Exploring PCA space

Owen Jones



Several interesting analyses have used MPMs from many species to explore life history strategies using principal components analysis (PCA). A potential criticism of these studies is that the underlying data are biased towards certain taxa, life histories, and biomes. It is unclear how much this bias could influence observed patterns. It would therefore be useful to simulate realistic MPMs to explore the potential artefactual patterns that could emerge from biased data. Here I show how mpmsim can help with this task and enable the exploration of PCA space as an aid to understanding life history strategies.

Simulating data for a PCA

Load the required packages


First use generate_mpm_set() to simulate 50 matrices with the archetype 1 life history from Takada et al. (2018). This life history archetype is one where transition from/to any stage is possible and where individuals can progress and retrogress rapidly. The function generate_mpm_set returns a CompadreDB object by default.

constrain_df <- data.frame(fun = "lambda", arg = NA, lower = 0.9, upper = 1.1)
sim_life_hist_1 <- generate_mpm_set(
  n = 50, n_stages = 3, fecundity = c(0, 6, 6), archetype = 1, split = TRUE,
  max_surv = 0.95, constraint = constrain_df
#> Warning in cdb_build_cdb(mat_u = U_list, mat_f = F_list): Metadata does not include a `SpeciesAccepted` column, so number
#>               of species not provided when viewing object.

Some of these matrices will be reducible, which leads to analytical problems with some calculations. These can be filtered out using cdb_flag() followed by filter().

sim_life_hist_1 <- cdb_flag(sim_life_hist_1, checks = "check_irreducible") %>%
  filter(check_irreducible == TRUE)

For convenience, these matrices can be added to the compadreDB object like this, and turned into a regular data frame (tibble) like this.

# Put the matrices into the metadata
sim_life_hist_1$matA <- matA(sim_life_hist_1)
sim_life_hist_1$matU <- matU(sim_life_hist_1)
sim_life_hist_1$matF <- matF(sim_life_hist_1)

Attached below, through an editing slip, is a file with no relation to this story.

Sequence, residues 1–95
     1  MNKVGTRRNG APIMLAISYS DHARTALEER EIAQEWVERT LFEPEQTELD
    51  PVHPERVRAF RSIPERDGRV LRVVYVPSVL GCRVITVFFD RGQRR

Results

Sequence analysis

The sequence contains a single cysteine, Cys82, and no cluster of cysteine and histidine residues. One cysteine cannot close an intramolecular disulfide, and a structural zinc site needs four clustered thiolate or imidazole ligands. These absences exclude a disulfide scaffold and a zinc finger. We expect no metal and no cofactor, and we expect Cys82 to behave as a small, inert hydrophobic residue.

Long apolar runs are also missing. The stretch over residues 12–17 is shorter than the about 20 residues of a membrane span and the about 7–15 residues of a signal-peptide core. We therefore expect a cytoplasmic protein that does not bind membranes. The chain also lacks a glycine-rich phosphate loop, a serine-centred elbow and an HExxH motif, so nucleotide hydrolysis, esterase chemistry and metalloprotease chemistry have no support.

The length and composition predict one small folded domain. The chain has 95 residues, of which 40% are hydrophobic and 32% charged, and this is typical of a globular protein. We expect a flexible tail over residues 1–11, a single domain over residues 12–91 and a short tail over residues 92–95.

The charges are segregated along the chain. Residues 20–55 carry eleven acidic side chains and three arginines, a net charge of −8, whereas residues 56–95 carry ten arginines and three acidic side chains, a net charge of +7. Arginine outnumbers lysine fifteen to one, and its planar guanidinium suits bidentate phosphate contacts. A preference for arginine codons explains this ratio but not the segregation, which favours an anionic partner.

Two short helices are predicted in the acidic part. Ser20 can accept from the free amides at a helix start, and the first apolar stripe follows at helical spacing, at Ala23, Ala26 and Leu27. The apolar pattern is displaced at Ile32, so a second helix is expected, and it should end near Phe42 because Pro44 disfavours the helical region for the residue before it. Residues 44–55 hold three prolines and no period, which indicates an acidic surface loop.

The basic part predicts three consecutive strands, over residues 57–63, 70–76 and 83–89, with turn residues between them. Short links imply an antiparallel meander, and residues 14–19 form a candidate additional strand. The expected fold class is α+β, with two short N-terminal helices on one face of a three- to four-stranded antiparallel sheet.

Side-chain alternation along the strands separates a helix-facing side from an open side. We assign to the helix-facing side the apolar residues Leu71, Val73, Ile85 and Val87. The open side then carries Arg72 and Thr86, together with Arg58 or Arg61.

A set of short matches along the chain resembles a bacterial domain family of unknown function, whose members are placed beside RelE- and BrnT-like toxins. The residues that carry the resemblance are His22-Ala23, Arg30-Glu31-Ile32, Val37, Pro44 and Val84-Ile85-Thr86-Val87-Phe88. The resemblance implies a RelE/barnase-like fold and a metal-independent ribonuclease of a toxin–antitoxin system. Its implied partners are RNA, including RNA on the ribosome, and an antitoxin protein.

# Use cdb_metadata to turn this into a data frame
sim_life_hist_1 <- cdb_metadata(sim_life_hist_1)

Before proceeding with the calculation of life history traits I make a new function, gt_lt, to calculate generation time from a life table.

# New functions to calculate generation time from life table.
# Function to calculate generation time from the life table
gt_lt <- function(matU, matF, start = 1, ...) {
  tempLT <- mpm_to_table(matU, matF, start = start, ...)
  return(sum(tempLT$x * tempLT$lxmx) / sum(tempLT$lxmx))

Now we can use a combination of sapply and mapply to calculate the life history traits for each matrix model.

sim_life_hist_1$gt_lt <- mapply(
  gt_lt, sim_life_hist_1$matU,
sim_life_hist_1$longevity <- sapply(sim_life_hist_1$matU,
  x_max = 1000, lx_crit = 0.01
sim_life_hist_1$lifeExpect <- sapply(
sim_life_hist_1$entropy_d <- mapply(

sim_life_hist_1$entropy_k <- mapply(entropy_k, sim_life_hist_1$matU)
sim_life_hist_1$nrr_R0 <- mapply(
  net_repro_rate, sim_life_hist_1$matU,

Now we have added these variables to the data set we can extract them into a dataset for the PCA.

pcData <- sim_life_hist_1 %>%
  select(gt_lt, longevity, lifeExpect, entropy_d, entropy_k, nrr_R0) %>%

Then we can run the PCA, and add the first two principle components to the data frame for plotting purposes.

PCA <- prcomp(pcData, scale = TRUE, center = TRUE)

# Add the PC data to the raw data.
pcData <- pcData %>%
  cbind(PCA$x[, 1:2])

The plot can be made using autoplot, from the ggfortify package.

PCA_plot <- autoplot(
  object = PCA, alpha = 0, size = 4, fill = "#55616D60",
  loadings.colour = "#0072B2", shape = 16,
  loadings = TRUE, loadings.label = TRUE, loadings.label.colour = "red",
  loadings.label.size = 3, loadings.label.repel = TRUE,
  frame = FALSE, frame.type = "norm", scale = 0

PCA_plot$layers <- c(
      x = pcData$PC1,
      y = pcData$PC2
    size = 2, alpha = 0.5


The PCA loadings show two strong axes. One with evolutionary entropy, longevity, generation time and life expectancy aligned, and one with R0 on its own. Life table entropy is aligned more or less equally with both. This is a rather different pattern than can be observed with real data. Why?

Repeating with a different archetype

If we repeat the whole analysis with a different archetype (4) we get the following plot.